November 7, 2011
"Guidelines Gone Awry"
The title of this post is the headline of this notable new commentary by Alan Vinegrad and Jason Levine. It appears in today's New York Law Journal and gets started this way:
On Oct. 12, the House Judiciary Committee's Subcommittee on Crime, Terrorism, and Homeland Security held its first hearing on federal sentencing since March 2006. The title — "Uncertain Justice: The Status of Federal Sentencing and the U.S. Sentencing Commission Six Years After U.S. v. Booker" — apparently reflects the subcommittee majority's views on post-Booker1 sentencing. Representative James Sensenbrenner, chairman of the subcommittee, stated that he is "deeply concerned" with federal sentencing due to the "increasing frequency of downward departures." Those who commit child pornography or fraud offenses "are in luck," he added, explaining that these crimes have seen particularly high rates of below-guideline sentences.
Proposals to address these concerns have run the gamut. One witness recommended that the Sentencing Reform Act be repealed and the Sentencing Commission abolished. Another proposed that sentencing guidelines once again be presumptively applicable, circumventing Booker by relying on juries to make findings on aggravating factors. And Judge Patti Saris, chair of the Sentencing Commission and Massachusetts district judge, testified about the problems sentencing courts have encountered in the post-Booker sentencing regime and recommended a more robust system of appellate review.
The commission's proposals, although understandable, did not address the real culprit — the guidelines themselves. In several areas, the guidelines, primarily as a result of congressional directives, no longer fairly reflect the varied purposes for which they were created.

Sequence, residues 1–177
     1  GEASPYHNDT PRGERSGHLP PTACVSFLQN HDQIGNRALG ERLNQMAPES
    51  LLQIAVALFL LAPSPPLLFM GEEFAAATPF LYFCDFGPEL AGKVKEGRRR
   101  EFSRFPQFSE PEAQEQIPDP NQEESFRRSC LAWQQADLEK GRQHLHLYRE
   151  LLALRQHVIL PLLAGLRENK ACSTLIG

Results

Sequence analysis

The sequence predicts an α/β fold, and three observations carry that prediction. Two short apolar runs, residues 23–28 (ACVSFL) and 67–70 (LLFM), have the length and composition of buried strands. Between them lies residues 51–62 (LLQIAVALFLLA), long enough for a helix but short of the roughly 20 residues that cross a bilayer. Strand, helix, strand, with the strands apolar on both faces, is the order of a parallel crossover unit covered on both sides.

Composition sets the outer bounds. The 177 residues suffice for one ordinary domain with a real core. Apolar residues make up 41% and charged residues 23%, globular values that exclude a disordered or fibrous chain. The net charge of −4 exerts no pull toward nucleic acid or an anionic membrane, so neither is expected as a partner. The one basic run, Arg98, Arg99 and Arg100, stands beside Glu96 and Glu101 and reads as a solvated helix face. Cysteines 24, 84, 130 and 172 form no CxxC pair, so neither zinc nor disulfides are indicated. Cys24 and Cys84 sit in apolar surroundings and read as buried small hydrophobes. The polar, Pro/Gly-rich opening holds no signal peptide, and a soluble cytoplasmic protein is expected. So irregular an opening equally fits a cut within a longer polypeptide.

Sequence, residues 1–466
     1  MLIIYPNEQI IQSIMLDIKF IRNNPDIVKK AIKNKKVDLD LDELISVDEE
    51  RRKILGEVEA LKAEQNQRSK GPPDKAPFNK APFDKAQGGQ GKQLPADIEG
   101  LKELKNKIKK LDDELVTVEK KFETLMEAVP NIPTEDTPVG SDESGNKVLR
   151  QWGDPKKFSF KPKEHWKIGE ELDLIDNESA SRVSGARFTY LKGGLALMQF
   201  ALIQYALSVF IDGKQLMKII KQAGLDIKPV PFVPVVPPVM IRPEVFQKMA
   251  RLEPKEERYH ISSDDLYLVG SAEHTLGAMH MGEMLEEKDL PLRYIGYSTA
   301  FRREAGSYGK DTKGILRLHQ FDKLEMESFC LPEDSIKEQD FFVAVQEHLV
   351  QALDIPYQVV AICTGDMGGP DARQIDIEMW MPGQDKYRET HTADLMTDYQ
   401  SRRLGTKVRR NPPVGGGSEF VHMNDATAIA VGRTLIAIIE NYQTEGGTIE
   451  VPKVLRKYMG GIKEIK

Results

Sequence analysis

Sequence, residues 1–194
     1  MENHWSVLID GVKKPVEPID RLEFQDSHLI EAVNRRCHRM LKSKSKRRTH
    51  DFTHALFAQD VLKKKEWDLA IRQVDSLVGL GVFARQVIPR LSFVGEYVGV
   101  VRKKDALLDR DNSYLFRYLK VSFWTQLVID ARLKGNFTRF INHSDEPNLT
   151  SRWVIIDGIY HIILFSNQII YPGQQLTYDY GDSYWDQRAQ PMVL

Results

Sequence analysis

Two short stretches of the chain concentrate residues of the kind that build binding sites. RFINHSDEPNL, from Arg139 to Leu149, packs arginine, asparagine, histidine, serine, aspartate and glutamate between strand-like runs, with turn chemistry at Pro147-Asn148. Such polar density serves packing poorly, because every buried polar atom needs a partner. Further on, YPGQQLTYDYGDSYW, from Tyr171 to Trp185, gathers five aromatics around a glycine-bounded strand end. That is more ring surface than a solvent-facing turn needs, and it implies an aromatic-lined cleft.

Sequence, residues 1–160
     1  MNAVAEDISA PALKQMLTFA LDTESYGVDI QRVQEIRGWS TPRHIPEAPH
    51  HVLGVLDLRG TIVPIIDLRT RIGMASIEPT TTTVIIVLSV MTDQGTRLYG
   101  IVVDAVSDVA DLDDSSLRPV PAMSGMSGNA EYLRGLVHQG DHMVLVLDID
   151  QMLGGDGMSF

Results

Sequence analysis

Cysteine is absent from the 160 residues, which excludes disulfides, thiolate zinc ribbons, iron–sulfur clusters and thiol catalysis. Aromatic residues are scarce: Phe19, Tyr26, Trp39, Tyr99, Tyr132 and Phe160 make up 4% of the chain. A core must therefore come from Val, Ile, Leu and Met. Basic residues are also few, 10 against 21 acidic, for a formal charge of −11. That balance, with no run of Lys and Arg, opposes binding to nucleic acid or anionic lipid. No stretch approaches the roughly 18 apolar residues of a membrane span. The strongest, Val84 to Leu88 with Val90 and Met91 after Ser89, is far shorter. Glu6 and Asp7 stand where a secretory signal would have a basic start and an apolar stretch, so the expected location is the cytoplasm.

Some recent related posts about the House Booker hearing:
- Witnesses identified for House hearing on post-Booker federal sentencing
- Webcast of House hearing on federal sentencing after Booker available
- "Should sentences reflect the will of the public?"
- "Should the USSC publish sentencing data for individual judges?"
- Early reactions to the (too) quick House hearing on post-Booker sentencing
November 7, 2011 at 10:15 AM | Permalink
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I'd like Sensenbrenner to say he is lucky whenever he gets charged with fraud or child pornography. That comment alone shows how divorced policymakers are from the reality of the criminal "justice" system.
Posted by: F. Valcarcel | Nov 7, 2011 10:21:49 AM
what this statement tells me!
"Representative James Sensenbrenner, chairman of the subcommittee, stated that he is "deeply concerned" with federal sentencing due to the "increasing frequency of downward departures."
is that maybe the majority of the judges think like the rest of us senator! you boys were talking out of your rears when you set the guidelines!
Posted by: rodsmith | Nov 7, 2011 10:58:44 AM
"The commission's proposals, although understandable, did not address the real culprit — the guidelines themselves. In several areas, the guidelines, primarily as a result of congressional directives, no longer fairly reflect the varied purposes for which they were created."
It would seem the authors have forgotten that the principal purpose by far for which the guidelines were created was to replace freewheeling discretion with the much more cabined discretion of mandatory standards. The legislative history, outlined by Justice Stevens, makes this clear beyond rational argument.
Posted by: Bill Otis | Nov 7, 2011 12:22:35 PM
'Those who commit child pornography'... huh, what's that???
Posted by: . | Nov 7, 2011 4:04:14 PM
Not to offend you because I value your comments and intend no insult or slight, if I were to argue that a certain Sentencing Guideline Mandatory Minimum applied in a certain case was a Crock of S--t, that would mean that you are calling me irrational.
I object, but I will not hide.
Posted by: albeed | Nov 11, 2011 6:45:42 PM